Team Norway continues its rise among the top nations for chess, as today reigning Norwegian Champion GM Jon Ludvig Hammer went wire-to-wire in winning the 43rd Rilton Cup in Stockholm, Sweden. The tournament took place from December 27, 2013 - January 5, 2014.
After leading by a full point going into today's ninth and final round, Hammer played a placid 10-move draw as White against GM Sergey Volkov to secure the tournament title with 7.5/9. The win of course follows his friend and countryman, GM Magnus Carlsen, winning the world championship last November.
(Photo to right courtesy of Hammer's Facebook page and copyright Paul Truong)
Hammer also vaults into the Norwegian #2 position; his 19.9 rating gain gets him to 2645, many points clear of longtime Norwegian leader GM Simen Agdestein (he also gained 13 points in London in December). It should be mentioned that Agdestein, who is semi-retired, has also had a resurgence as of late, winning a tournament last summer in Barcelona and another in Oslo just before Carlsen was triumphant in India.
GM Jon Ludvig Hammer (l) against an apparently newly-shorn GM Nils Grandelius (photo courtesy Jan Wikander, official site)
Speaking to Chess.com, the tournament winner said his match preparation with Carlsen "absolutely" inflluenced his recent success. "Training with the best and for a prolonged period of time is very valuable," Hammer added. "But sometimes it's tricky to make your training efforts shown in tournament play. I'm very happy with the way I've capitalized on the training."
Hammer won six and drew three while posting a performance rating just south of 2800. He correctly intuited a long-term exchange sacrifice in the opening round, which left White on his heels the whole game.
Perhaps seconding Carlsen rubbed off on him, as again in round two he didn't go for much out of the opening. But just as in round one, a pawn on the seventh left his opponent without active play. A third straight win in round three followed. Hammer's first blemish came in round four with a draw against Swedish normally-dreadlocked GM Nils Grandelius.
GM Nils Grandelius (photo courtesy Wikipedia)
Like Carlsen and his insistence on playing out drawish positions, Hammer played until the 50-move rule was invoked, attempting to win R+N versus R (though perhaps many grandmasters would still attempt to win this against fellow GMs).
None of the other 3-0 scores managed to win in round four, so Hammer maintained a share of the lead with other top players such as GM Ilya Smirin, GM Michal Krasenkow (winner of the last Rilton Cup) and Grandelius, among others.
In round five Hammer offered a pawn for activity and eventually got the best of former Russian Junior Champion GM Daniil Lintchevski.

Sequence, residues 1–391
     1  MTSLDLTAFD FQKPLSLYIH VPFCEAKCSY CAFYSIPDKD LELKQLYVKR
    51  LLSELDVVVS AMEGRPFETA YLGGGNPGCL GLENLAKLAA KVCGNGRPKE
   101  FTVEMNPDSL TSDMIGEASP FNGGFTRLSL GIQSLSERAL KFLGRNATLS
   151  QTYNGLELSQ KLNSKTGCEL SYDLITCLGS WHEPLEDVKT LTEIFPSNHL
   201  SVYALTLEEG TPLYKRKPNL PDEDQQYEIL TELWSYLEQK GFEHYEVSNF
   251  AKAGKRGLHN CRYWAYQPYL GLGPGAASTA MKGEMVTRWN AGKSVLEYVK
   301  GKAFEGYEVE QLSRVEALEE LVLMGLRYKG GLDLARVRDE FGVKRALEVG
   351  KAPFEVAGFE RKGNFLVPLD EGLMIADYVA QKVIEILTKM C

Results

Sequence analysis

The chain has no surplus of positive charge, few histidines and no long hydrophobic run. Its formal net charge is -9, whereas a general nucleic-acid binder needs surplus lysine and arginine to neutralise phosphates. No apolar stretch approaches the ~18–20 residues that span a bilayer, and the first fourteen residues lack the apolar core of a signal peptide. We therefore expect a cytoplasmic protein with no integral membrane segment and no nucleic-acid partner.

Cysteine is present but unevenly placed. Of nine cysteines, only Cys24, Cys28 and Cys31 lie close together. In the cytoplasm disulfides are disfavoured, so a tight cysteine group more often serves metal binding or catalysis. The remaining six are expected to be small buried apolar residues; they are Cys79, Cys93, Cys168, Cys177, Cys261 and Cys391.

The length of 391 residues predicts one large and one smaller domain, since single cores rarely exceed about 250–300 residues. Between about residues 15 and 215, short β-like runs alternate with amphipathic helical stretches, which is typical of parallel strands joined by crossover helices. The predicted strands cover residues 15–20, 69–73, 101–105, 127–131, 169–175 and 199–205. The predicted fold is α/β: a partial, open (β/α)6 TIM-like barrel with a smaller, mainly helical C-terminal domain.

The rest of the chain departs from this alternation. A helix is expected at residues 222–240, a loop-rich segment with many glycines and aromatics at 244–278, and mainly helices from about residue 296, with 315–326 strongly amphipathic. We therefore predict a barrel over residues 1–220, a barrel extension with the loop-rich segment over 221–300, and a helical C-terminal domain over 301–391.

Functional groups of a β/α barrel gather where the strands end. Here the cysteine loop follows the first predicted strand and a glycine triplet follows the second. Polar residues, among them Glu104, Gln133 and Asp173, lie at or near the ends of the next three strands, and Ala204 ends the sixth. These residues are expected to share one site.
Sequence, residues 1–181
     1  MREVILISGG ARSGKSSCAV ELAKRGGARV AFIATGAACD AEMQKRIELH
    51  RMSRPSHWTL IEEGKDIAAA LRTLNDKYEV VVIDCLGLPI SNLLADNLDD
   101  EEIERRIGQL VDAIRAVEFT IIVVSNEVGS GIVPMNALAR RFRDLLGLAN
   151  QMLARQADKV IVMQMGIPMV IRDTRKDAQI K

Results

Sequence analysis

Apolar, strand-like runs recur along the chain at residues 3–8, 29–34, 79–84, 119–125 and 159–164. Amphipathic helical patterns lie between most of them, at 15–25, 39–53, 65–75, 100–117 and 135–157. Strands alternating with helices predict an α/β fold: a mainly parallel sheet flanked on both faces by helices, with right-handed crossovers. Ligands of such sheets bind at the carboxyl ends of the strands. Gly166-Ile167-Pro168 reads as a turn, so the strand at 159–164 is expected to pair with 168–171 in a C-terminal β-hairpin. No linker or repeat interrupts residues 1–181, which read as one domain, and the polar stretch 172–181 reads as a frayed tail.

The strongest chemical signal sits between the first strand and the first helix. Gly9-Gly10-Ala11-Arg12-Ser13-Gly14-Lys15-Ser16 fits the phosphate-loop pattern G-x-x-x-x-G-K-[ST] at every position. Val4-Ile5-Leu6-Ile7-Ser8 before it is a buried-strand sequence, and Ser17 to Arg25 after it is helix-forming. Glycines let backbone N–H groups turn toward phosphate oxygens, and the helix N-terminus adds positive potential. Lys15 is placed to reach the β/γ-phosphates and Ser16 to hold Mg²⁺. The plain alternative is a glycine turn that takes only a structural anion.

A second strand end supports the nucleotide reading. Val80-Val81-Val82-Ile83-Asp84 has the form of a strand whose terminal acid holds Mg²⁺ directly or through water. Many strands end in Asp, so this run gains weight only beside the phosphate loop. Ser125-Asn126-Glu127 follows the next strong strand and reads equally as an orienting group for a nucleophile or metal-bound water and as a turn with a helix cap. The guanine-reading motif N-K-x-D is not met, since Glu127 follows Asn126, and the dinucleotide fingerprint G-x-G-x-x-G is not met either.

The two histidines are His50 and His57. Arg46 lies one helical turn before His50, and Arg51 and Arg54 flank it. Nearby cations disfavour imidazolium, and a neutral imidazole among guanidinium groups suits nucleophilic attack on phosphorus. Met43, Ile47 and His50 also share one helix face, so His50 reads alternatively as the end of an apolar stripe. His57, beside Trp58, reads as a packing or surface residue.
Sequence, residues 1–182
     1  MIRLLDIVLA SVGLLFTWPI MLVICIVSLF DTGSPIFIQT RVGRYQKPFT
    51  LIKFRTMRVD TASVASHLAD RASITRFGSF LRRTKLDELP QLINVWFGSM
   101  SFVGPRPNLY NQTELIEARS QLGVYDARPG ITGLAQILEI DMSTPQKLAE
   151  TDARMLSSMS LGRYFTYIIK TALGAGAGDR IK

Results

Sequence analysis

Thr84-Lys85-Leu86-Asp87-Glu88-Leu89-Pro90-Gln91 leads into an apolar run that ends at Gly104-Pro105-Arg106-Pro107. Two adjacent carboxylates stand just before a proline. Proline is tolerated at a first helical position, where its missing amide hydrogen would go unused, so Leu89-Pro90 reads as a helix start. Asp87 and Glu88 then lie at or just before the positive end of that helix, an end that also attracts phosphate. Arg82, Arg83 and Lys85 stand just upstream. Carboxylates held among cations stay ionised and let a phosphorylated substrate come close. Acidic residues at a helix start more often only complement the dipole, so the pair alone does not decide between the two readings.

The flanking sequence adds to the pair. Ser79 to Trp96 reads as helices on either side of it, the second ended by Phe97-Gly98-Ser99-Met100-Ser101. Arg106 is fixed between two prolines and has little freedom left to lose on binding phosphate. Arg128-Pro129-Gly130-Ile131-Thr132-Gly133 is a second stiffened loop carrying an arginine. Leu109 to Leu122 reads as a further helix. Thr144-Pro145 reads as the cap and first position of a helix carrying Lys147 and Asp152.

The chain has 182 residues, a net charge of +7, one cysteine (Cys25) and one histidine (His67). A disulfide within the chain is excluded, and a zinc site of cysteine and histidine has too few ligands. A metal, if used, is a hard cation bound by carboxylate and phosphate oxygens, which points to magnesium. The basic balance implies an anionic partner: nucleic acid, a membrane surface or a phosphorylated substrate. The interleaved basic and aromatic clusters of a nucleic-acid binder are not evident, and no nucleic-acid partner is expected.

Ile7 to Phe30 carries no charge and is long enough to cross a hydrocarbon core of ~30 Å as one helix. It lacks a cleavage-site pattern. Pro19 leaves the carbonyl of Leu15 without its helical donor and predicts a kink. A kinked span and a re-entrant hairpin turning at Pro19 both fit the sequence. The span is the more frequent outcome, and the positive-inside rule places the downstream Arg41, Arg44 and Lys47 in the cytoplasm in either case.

Still not clear of Grandelius (both men stood on 4.5/5 as Grandelius beat Smirin with a resounding attack), round six finally pushed Hammer into sole first position. He played as he had done all event - a Reti-type structure as White (he used Nf3 and early c4 systems in all but the final short draw) and an awful bind for his opponent. This time Hammer gave two pawns to make GM Alexey Goganov suffer, and if you'll excuse the pun on his name, the brutal domination of the c8-bishop and king's rook made those pieces "Dead Souls."
Grandelius coud only draw Krasenkow in round six, but the Swede caught back up in round seven with a win over former Olympiad teammate GM Tiger Hillarp-Persson.
Round eight was essentially the deciding round. Grandelius tried to play like Hammer, sacrificing an exchange in the middlegame. But unlike at this past world championship match, two queens were indeed better than one, as GM Sergey Volkov showed.
The door was thus ajar for the Norwegian, and he capitalized, albeit in a different manner than in his other contests. Krasenkow sacrificed a piece rather than defend a worse ending, but Hammer showed defensive aplomb and eventually coordinated his forces enough to find the pleasing 51. Rxf5, which either wins the black queen or, after a series of checks, mates on h5.
None of the other players on 5.5 were able to win (except Volkov), meaning Hammer's 7/8 and last-round match with Volkov made the short final draw completely acceptable to Hammer (due to Volkov having White in round 7 and 8, Hammer, despite leading, even got White for a second round in a row).
"Winning a tournament is never an ordinary thing - especially when it's as strong and with as great traditions as the Rilton Cup," Hammer said via his Facebook page. "Sometimes everything goes right. This was one of those moments. I was well prepared. I was ready to fight. But there's that unknown x-factor you need on your side. In Norwegian we call it 'flyt'. I'm not sure what the English equivalent should be."
Hammer and Carlsen, two longtime friends (photo courtesy Hammer's Facebook page)
Hammer is also coming off his win at the London Classic Open event in December, and a strong showing at the 2013 World Cup, where he upset GM Sergei Movsesian and GM David Navara in the two opening rounds. In between he was mostly preparing Carlsen for the match with GM Viswanathan Anand, and he was widely presumed to also be his second during the match. He was at least cheerleading!
"I'm not sure what my next tournament is, but it will be in March. Either Reykjavik or the European Championship in Yerevan. Before that I'll take a well-deserved vacation after some extremely fun, successful and tiresome few months."